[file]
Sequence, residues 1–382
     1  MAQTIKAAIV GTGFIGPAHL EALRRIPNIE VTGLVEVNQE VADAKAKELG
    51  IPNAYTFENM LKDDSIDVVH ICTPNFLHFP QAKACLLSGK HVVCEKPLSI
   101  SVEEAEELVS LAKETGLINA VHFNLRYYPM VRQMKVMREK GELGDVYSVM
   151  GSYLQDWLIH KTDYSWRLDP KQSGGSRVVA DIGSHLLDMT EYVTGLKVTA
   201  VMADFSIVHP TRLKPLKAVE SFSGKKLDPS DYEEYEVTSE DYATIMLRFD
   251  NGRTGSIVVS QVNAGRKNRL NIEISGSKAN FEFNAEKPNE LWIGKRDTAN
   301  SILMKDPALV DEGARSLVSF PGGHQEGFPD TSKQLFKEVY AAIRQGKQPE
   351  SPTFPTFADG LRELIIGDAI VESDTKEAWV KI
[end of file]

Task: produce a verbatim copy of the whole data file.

Sequence, residues 1–382
     1  MAQTIKAAIV GTGFIGPAHL EALRRIPNIE VTGLVEVNQE VADAKAKELG
    51  IPNAYTFENM LKDDSIDVVH ICTPNFLHFP QAKACLLSGK HVVCEKPLSI
   101  SVEEAEELVS LAKETGLINA VHFNLRYYPM VRQMKVMREK GELGDVYSVM
   151  GSYLQDWLIH KTDYSWRLDP KQSGGSRVVA DIGSHLLDMT EYVTGLKVTA
   201  VMADFSIVHP TRLKPLKAVE SFSGKKLDPS DYEEYEVTSE DYATIMLRFD
   251  NGRTGSIVVS QVNAGRKNRL NIEISGSKAN FEFNAEKPNE LWIGKRDTAN
   301  SILMKDPALV DEGARSLVSF PGGHQEGFPD TSKQLFKEVY AAIRQGKQPE
   351  SPTFPTFADG LRELIIGDAI VESDTKEAWV KI